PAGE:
6.2.2.2 Reaction with strong Lewis acids.

129
Xe NMR spectrum at 145C of the (XeF
6
)
4
tetramer
(1.44 M XeF
6
in 50 mol% SO
2
ClF/50 mol% CF
2
Cl
2
)
Chemistry 3830 Lecture Notes Dr. M. Gerken Page

98
Xenon fluorides react with strong Lewis acids, such as AsF
5
and SbF
5
, upon fluoride-ion donation.

XeF
2
+ AsF
5
XeF
+
AsF
6
-
XeF
4
+ SbF
5
XeF
3
+
SbF
6
-
XeF
6
+ SbF
5
XeF
5
+
SbF
6
-
These cations are strongly fluorine bridged in the solid state.


6.2.2.3 Reaction with fluoride.
Xenon tetrafluoride and XeF
6
react with F
-
to form xenon fluoride anions, while XeF
2
does not accept a fluoride ion.
XeF
4
+ F
-
XeF
5
-
XeF
6
+ F
-
XeF
7
-
XeF
6
+ 2F
-
XeF
8
2-
Xenon hexafluoride can accept two F
-
anions forming the XeF
8
2-
anion, which is a regular archimedian antiprism (square
antiprism). The presence of the lone pair in XeF
8
2-
does not have any effect on the geometry. The lone pair is stereochemically
inactive. The eight fluorine ligands about xenon take up a lot of space, forcing the lone pair into the centre of the molecule. We
will encounter other examples for stereochemical inactivity during our discussion of halogen compounds.

6.2.3 Oxides and Oxide Fluorides

We have discussed already the synthetic route to oxides and oxide fluorides. Most of these xenon oxygen compounds are
endothermic compounds, the pure oxides are even explosive. It is interesting to note that xenon in the +8 oxidation state can be
stabilized using oxide ligands instead of fluoride. While XeF
8
is not known, XeO
4
has been prepared. This can be attributed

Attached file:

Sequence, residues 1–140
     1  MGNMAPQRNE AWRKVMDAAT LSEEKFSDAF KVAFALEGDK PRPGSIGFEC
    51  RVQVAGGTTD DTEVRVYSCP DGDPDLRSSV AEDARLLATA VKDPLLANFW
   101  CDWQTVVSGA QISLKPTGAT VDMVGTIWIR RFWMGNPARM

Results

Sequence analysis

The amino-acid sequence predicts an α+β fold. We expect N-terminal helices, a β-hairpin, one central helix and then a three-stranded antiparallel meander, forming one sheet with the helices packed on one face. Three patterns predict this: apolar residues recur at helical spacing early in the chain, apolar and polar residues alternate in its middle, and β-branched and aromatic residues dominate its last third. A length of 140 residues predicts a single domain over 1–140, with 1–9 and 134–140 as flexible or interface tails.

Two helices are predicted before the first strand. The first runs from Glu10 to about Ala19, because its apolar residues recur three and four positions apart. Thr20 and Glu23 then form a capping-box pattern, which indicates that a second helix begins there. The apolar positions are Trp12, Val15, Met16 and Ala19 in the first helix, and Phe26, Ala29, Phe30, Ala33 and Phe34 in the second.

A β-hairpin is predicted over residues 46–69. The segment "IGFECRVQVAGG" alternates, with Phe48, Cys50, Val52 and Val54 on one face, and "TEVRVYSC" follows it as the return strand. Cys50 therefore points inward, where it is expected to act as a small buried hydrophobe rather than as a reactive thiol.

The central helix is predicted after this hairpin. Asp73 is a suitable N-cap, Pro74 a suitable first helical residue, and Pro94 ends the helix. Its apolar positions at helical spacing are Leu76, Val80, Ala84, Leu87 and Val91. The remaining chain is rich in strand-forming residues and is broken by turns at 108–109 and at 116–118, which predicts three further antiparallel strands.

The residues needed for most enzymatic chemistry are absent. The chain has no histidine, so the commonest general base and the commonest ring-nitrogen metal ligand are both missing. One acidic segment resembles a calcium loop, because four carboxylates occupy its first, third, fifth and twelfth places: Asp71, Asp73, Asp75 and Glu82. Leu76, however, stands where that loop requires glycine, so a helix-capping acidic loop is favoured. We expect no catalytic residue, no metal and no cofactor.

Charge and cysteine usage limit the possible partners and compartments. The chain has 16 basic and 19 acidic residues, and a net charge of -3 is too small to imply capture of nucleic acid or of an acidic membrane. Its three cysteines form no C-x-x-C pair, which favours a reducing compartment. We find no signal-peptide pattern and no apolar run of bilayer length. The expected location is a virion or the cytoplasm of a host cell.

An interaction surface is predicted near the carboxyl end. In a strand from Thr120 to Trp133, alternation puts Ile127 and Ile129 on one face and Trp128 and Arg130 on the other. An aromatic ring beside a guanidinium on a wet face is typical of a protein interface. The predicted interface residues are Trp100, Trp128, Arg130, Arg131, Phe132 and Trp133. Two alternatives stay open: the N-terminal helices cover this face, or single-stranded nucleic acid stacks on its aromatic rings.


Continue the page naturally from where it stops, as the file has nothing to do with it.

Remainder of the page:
to the high electronegativity of fluorine, leaving a xenon(VIII) centre more electron-deficient and a more strong oxidizing
centre that can oxidize F
-
to F
2
. In addition, it is unlikely to put 8 fluorine atoms around a small xenon(VIII) centre, while only
four oxide ligands are necessary to stabilize the formal +8 oxidation state of xenon.

6.2.4 Other Xenon Compounds and Organo-xenon compounds.

Besides fluoride and oxide, xenon compounds with other ligands have been prepared. These compounds include (a) oxygen
bonded ligands, such as OTeF
5
, nitrogen-bonded ligands, such as N(SO
2
F)
2
, chloride, and carbon-bonded ligands, such as
C
6
F
5
. The requirement is that the ligands are oxidatively resistant. The more resistant the ligands are, the more likely it is to
form compound with xenon in higher oxidation states.

Frequently, such compounds are prepared via a condensation reaction starting from the fluorides upon HF elimination.
XeF
2
+ HN(SO
2
F)
2
FXeN(SO
2
F)
2
+ HF

The OTeF
5
group is very stable towards oxidation and xenon(IV) and xenon(VI) compounds have been prepared. The
19
F
NMR spectrum shown below of XeF
2
(OTeF
5
)
2
is an excellent example how NMR spectroscopy can be used in the
characterization of inorganic compounds.



Organo xenon compounds have been prepared by xenodeborylation, i.e., the substitution of boron by xenon, using Lewis
acidic boron compounds.